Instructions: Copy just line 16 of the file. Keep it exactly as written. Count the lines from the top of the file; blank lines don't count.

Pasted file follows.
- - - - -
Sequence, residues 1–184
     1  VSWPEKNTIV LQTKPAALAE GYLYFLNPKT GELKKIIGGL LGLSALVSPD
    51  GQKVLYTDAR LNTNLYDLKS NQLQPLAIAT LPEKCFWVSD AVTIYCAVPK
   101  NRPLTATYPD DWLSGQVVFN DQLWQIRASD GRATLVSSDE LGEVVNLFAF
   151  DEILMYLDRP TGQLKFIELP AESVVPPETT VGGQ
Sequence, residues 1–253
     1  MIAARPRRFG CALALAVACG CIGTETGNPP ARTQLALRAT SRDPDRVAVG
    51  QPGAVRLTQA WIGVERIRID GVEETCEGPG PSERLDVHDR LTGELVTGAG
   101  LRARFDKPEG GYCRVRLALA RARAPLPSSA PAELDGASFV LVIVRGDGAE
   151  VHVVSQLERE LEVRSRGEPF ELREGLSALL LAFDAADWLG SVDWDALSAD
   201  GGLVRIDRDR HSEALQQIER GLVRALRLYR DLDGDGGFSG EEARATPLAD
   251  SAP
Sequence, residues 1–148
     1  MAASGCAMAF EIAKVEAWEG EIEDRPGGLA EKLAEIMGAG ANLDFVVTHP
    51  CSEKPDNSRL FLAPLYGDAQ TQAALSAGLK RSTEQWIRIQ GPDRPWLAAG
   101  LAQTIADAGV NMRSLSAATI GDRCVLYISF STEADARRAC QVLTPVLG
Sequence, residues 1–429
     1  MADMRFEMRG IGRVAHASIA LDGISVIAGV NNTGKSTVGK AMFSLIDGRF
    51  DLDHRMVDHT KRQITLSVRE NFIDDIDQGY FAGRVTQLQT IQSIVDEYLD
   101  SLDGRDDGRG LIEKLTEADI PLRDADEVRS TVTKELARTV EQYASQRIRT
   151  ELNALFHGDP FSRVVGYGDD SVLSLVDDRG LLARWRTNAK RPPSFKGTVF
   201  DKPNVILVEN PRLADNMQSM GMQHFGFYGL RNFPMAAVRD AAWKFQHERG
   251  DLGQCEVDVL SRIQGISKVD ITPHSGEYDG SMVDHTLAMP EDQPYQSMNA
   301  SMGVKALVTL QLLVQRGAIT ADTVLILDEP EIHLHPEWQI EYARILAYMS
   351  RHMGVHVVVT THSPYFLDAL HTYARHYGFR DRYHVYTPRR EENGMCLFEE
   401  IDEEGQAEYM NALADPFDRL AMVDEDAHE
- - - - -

   101  LAQTIADAGV NMRSLSAATI GDRCVLYISF STEADARRAC QVLTPVLG